In the US and Britain it has long been known that black people, for example, are not accorded the same rights as whites in employment, housing, education, criminal justice, and the right to life itself – the public spheres in which such rights are supposedly enjoyed. It did not only take the senseless killing of George Floyd by Minneapolis police officers in May 2020 to know that the sets of rights officially granted to African Americans as a group are not only inferior to those granted to whites as a group, but that violations of supposedly universal human rights have been of no consequence when perpetrated by largely white authorities on black people.  As the narrator of Attica Locke’s Bluebird, Bluebird tells readers, ‘for every story about a black mother, sister, wife, husband, father or brother crying over a man who was locked up for something he didn’t do, there was a black mother, sister, wife, husband, father or brother crying over the murder of a loved one for which no one has been locked up.’



In 2018 activists, journalists and private individuals exposed the British Home Office targeting people who had arrived following the Windrush migration from former British slave plantation colonies in the Caribbean in the mid 20th century. Accused as being illegal immigrants, these now elderly people had accompanied their parents who were recruited to work in Britain’s public services after the ravages of World War 2.  Many of them were, after successive immigration acts, denied rights to employment and healthcare after paying taxes over decades of service to the UK. Key evidence of their legitimate status, such as the original landing slips, were destroyed by the Home Office in 2010.  Many victims of the Windrush scandal have still not received the promised government apologies and several have died since it erupted.  At the time of writing, there have been massive delays in disbursing the compensation payments pledged two years ago.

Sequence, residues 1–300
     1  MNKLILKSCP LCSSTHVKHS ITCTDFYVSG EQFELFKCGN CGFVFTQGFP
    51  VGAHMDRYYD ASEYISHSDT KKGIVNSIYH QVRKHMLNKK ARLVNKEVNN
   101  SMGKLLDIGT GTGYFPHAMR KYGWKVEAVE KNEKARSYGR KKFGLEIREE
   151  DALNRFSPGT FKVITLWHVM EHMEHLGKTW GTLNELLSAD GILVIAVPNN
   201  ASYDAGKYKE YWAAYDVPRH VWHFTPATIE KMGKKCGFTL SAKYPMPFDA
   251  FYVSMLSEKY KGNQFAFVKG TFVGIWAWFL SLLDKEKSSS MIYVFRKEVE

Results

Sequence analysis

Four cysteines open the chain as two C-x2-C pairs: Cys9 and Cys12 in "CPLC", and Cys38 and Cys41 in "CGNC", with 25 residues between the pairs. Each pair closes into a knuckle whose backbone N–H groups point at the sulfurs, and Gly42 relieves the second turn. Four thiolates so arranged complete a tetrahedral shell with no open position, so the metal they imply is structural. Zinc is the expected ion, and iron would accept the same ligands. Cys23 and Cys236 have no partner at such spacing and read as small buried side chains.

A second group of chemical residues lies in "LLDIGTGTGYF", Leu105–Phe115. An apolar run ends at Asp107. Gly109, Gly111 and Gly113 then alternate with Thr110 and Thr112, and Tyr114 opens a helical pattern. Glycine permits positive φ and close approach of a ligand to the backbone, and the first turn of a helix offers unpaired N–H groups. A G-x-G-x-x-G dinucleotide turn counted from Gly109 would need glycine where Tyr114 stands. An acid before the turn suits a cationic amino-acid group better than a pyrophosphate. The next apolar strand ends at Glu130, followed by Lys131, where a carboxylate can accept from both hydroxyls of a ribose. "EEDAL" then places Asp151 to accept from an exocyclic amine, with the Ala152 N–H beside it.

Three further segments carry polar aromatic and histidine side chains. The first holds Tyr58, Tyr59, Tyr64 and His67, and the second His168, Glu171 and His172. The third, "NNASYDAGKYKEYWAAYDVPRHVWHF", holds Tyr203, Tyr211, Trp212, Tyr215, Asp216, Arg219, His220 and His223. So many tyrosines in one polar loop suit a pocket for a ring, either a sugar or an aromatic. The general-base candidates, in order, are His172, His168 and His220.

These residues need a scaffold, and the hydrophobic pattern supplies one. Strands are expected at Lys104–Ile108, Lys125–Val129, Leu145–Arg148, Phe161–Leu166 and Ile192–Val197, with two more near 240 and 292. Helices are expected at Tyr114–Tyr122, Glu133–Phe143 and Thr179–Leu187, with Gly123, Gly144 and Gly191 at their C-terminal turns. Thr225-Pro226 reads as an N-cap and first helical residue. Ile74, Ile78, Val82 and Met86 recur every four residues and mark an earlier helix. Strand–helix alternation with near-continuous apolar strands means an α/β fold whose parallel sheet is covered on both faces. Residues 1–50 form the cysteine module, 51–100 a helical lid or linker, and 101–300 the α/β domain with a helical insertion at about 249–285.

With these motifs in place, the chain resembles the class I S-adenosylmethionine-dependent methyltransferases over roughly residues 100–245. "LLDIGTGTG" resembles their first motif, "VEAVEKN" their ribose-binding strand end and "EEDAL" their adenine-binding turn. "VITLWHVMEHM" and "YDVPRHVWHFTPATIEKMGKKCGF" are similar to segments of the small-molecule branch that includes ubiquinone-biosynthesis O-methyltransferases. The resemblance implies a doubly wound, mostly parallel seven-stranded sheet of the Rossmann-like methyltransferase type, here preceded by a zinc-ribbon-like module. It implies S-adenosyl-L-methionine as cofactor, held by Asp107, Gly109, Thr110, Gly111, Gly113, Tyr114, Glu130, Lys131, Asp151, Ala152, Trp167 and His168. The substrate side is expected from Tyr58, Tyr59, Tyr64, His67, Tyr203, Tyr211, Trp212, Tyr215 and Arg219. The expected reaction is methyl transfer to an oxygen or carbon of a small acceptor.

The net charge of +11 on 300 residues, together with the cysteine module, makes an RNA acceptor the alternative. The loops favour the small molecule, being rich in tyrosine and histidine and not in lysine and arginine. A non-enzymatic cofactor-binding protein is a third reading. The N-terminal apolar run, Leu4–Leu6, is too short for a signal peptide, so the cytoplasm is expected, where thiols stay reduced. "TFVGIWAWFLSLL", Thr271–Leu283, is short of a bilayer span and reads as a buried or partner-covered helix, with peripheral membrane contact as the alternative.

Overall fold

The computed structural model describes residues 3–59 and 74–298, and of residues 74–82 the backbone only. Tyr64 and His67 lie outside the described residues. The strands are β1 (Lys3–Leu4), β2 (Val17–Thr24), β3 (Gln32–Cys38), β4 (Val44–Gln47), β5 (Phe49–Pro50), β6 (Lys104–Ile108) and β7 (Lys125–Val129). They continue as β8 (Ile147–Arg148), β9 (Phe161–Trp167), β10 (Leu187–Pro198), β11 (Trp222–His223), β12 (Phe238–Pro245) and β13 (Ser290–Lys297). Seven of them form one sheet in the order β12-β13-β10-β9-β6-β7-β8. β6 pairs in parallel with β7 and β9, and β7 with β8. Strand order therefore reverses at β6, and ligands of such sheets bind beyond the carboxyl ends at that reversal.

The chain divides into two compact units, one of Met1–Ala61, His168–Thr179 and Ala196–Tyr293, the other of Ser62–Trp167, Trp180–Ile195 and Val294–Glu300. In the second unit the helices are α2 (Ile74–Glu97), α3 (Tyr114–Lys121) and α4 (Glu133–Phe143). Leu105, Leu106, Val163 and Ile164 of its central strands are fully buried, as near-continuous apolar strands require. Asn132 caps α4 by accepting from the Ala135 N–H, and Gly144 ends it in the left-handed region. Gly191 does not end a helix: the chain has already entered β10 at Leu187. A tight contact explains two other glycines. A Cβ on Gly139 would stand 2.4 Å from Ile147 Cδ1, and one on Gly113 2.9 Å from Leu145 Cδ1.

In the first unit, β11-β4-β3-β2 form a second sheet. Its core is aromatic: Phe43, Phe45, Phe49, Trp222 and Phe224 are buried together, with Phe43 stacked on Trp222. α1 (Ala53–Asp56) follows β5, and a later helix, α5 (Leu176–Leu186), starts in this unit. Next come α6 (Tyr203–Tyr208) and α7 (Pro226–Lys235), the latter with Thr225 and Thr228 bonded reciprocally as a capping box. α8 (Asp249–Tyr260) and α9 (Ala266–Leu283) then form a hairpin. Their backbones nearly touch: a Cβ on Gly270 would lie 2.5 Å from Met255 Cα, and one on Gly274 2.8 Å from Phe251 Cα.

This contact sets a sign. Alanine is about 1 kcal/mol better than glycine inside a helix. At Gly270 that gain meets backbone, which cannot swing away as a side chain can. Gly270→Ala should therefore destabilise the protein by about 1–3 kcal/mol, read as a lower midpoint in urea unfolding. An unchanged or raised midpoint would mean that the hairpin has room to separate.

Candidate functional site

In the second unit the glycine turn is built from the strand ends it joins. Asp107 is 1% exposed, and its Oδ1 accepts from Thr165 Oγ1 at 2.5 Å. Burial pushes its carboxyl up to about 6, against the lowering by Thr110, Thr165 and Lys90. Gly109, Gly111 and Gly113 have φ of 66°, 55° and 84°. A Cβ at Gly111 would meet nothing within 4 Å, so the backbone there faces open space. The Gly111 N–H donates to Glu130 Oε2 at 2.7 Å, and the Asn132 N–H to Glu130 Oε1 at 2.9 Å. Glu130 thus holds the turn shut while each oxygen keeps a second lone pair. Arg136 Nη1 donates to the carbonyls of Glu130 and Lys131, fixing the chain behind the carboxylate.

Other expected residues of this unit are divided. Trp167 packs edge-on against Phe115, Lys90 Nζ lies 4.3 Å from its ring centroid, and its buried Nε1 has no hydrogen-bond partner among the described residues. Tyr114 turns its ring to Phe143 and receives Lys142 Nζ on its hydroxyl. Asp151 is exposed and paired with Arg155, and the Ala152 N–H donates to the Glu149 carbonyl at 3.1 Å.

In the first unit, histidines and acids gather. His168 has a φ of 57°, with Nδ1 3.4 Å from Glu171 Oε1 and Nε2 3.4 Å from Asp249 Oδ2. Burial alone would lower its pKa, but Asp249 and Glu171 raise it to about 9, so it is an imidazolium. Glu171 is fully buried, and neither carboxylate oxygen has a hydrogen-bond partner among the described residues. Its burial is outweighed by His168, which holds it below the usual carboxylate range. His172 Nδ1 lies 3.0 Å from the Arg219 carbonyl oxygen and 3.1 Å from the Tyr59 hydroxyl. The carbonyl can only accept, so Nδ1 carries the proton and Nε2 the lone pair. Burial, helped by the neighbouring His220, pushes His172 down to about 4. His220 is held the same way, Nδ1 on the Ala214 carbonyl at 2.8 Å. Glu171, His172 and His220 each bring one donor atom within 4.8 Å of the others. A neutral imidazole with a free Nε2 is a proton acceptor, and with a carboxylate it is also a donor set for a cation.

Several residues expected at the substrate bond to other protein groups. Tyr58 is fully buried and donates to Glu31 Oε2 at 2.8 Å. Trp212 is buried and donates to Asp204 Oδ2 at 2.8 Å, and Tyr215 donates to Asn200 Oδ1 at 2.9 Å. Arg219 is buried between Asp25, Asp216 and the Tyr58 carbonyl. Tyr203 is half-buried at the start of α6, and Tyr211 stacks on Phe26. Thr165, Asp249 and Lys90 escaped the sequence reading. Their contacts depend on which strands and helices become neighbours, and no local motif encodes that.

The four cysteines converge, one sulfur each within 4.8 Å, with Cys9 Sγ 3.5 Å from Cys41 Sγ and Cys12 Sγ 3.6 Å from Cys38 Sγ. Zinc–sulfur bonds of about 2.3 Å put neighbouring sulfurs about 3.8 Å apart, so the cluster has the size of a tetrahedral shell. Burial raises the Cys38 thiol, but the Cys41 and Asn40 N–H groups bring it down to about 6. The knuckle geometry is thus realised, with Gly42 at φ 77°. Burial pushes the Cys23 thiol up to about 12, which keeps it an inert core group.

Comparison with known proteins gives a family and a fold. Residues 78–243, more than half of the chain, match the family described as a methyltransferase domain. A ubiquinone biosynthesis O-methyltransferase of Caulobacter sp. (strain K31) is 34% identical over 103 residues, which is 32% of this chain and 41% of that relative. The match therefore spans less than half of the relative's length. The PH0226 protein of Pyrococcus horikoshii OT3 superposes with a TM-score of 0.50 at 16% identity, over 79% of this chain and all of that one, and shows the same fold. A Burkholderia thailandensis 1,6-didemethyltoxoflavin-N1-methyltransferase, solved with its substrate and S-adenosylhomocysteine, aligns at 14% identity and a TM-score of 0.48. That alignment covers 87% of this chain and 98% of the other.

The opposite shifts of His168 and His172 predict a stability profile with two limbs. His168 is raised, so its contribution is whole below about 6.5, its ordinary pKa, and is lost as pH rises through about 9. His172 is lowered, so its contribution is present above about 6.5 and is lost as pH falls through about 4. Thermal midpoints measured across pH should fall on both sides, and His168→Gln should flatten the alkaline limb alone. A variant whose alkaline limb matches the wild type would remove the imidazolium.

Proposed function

The colonialism of human rights is reflected in the ongoing global mobilization against police murders of black people, demanding the removal of statues of national heroes whose heroism was connected to slavery and colonialism, and in the growing choruses for schools to cease teaching histories omitting the racism which has permeated national social, cultural and political life. Current social movements are revealing that human rights were never really intended for vast swathes of national populations, and simply update the invidious distinctions between colonizer and colonized, enslaver and enslaved. The real fear of many of those in power in Britain and the US is that the past will interrogate the liberal democracy that legitimates their rule, and ultimately that the telling of the truth will accuse them also. The victims as well as journalists, activists and scholars are showing how the past is folded into the present. The reclaimed memories offer dignity and some glimmer of justice.

Why should these colonial divisions have such longevity?

While the liberal principles of the European Enlightenment are often swaddled in self-applause, they are too often seen in isolation from the parallel set of principles that underpinned the belief that humanity was divided so sharply into hierarchies. These doctrines were multifarious; for example, that indigenous peoples were savages and that certain peoples, especially Africans, were ‘natural slaves’. Such assumptions were translated into action as indigenous peoples were killed, dispossessed of their territories, forcibly assimilated and consigned to small tracts of land. The pattern was set in the initial English colonization of ‘New England’ with the relative indifference of the English towards the mass deaths of Indians from disease and violence in the 17th century. Over one 23 year period as much as 95% of the New England population was killed by English transmission of disease. This was, as Jill Lepore says made possible by, ‘the idea that Indians were not, in fact, truly human, or else were humans of such a vastly different race as to be considered essentially, and biologically, inferior to Europeans.’

Instead of protecting American Indians as subject populations of a democracy, the US Constitution functioned as a human rights document to empower settlers to encamp themselves on indigenous lands. It mentions Indians directly only twice; excluding them from taxation and, importantly from political representation, and giving powers to Congress to regulate trade with them. In practice, several Articles in the Bill of Rights were also not applied to Native Americans as ways of life, languages and religions were suppressed and often eradicated.